• All sex will be safe sex. Condoms will be clearly and prominantly used in every scene and act of sexual interaction. Furthermore, all unhygenic or dangerous sexual practices (ie: Ass 2 Mouth, in which a performer is penetrated anally and then orally in quick succession by a single penis, or bukkake, in which a large number of men deposit great amounts of ejacuulate onto the face and nearby mucus membranes of another participant) are illegal, and presence of such acts in a performance will be grounds for license review or revokation.

Societal Protections

Numerous studies have linked the sex industry to violence and other antisocial behaviors among its veiwers. So, to try to reduce or eliminate that, here’s a few suggestions:

  • Alcohol consumption cannot be shown as in any way related to the sexual act.
  • Simulated rape scenes are prohibited. Scenes involving unconcious people, or people who say “no” at the beginning of a scene but submit and/or pretend enjoyment at another point in the scene are classified as rape scenes.
  • Infantilizing indicators will be prohibited. This includes all infantilizing behavior or attempting to bestow the markers of immaturity or childishness onto any performer. Primary school uniforms, hairstyles associated with underage persons (pigtails, bowl cuts), lack of pubic hair, spanking themes, school and schoolteacher themes, and other underage themes will be prohibited. Any theme that states or suggests the character, if not the actor or actress, in a scene is underage are also illegal.
  • All actors in pornography will have at least 2/3rds of their body in frame during all sex scenes, unless the face is also visible. This prevents objectification via disassociating body parts from the essential humanity of the performer. All performers will be portrayed as fully human.
  • Removal of Dominance Indicators. As one of the contributing facors in the studies of pornography and violent antisocial behavior is the abundant presence of dominance indicators, in which one party is portrayed as subliminally dominant over the other. As pornography is about sex and sexual pleasure, not reinforcing patriarchal dominant pardigms (at least, in the words of its proponents), these indicators are unecessary and harmful, as well as easily eliminated without destroying the flavor of the performance (if the above claims are true). These indicators are hereby prohibited. They include, but are not limited to:
    • One performer kneeling while the other towers over.
    • Facial cumshots
    • Physical violence, such as hair pulling, scratching, or the use of a penis or penis-like appendage or object as a bludgeouning instrument.
    • Verbal violence, such as name calling, vulgar sexual instructions (ie: “take it all, you cunt”), or quasi-rapist phrases (ie: “You know you want it, bitch” or “I know you like it rough!”)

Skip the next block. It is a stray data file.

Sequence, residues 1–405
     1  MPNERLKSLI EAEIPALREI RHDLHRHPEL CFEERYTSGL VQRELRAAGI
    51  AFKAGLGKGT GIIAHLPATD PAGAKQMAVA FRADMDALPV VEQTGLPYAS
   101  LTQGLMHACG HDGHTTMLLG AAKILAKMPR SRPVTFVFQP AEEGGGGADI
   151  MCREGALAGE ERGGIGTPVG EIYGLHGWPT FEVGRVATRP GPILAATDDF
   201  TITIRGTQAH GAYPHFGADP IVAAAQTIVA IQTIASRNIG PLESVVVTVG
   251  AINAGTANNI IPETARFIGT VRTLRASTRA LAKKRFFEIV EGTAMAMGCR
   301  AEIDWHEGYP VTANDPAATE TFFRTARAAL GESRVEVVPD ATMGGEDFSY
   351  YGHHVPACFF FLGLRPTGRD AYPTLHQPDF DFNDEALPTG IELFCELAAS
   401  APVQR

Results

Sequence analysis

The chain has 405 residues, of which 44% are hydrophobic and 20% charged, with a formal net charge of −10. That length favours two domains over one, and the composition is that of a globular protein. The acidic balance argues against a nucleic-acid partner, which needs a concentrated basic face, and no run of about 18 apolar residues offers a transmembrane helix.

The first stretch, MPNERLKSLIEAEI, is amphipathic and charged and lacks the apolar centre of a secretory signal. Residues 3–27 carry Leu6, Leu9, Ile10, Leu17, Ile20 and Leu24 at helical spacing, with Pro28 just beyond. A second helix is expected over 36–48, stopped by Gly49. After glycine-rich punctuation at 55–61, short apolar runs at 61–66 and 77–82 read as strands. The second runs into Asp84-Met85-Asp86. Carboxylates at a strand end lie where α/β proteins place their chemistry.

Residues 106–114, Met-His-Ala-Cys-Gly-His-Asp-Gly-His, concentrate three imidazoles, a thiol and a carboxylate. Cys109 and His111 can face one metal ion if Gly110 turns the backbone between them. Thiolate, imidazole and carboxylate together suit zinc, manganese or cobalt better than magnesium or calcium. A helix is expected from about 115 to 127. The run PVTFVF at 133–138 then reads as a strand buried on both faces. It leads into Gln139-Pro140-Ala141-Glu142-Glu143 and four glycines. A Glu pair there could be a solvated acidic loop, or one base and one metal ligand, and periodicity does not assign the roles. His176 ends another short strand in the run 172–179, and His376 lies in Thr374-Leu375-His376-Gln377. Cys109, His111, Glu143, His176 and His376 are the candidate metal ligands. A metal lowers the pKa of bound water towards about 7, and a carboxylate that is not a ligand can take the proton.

• Men of less than average appearance as judged by societal consensus (expressed through media, et al) being paired with women of great culturally-defined beauty, unless the reverse is present in equal quantities.
    • Scenes of racial dominance, especially when coupled with racist language or themes.
    • Clothing dominance, such as scenes in which one party is fully clothed while being serviced by another party, who is completely naked.
    • Performing or simulating unhygenic acts such as urination or defecation onto another party (see also “all sex is safe sex” and the ban on dangerous or unhygenic practices).

There. That should be enough to really get started cleaning things up. Or at the very least, getting a lot of people pissed off over things that, if pornography is really just about sex and not dominance, and/or is not making most of its money through exploitative and unethical business practices, should be pretty much universally agreeable.

Feel free to add your own in the comments section! I’d be really interested to hear them!


2 Responses to “Cleaning up the Industry”

  1. rychousmama said

    This post is just awesome. Ignore that Red Robin idiot that posted over at Twisty’s. His comments about “ohhh, you’re aligning yourself with right-wing fundies” is a bullshit scare tactic that a lot of pro-pornstitution folks use. If you want some really strong and grounded arguments against pornography as hate speech read Richard Delgado’s and Jean Stefancic’s “Must We Defend Nazis?: Hate Speech, Pornography, and the New First Amendment.” One of my favorite books and it shows how the 14th Amendment (implying the right to be treated with dignity and not discriminated against on the basis of race, ethnicity, sex, etc.) is just as important as the 1st Amendment. Anyway, keep bloggin’ 😉

  2. stormy said

    I am sorry, but I had to chuckle. All of your suggestions for the ‘don’ts’ are the current industry’s ‘dos’.

    Somehow I don’t think the ‘sex industry’ will be trampling over themselves to embrace your sensible suggestions.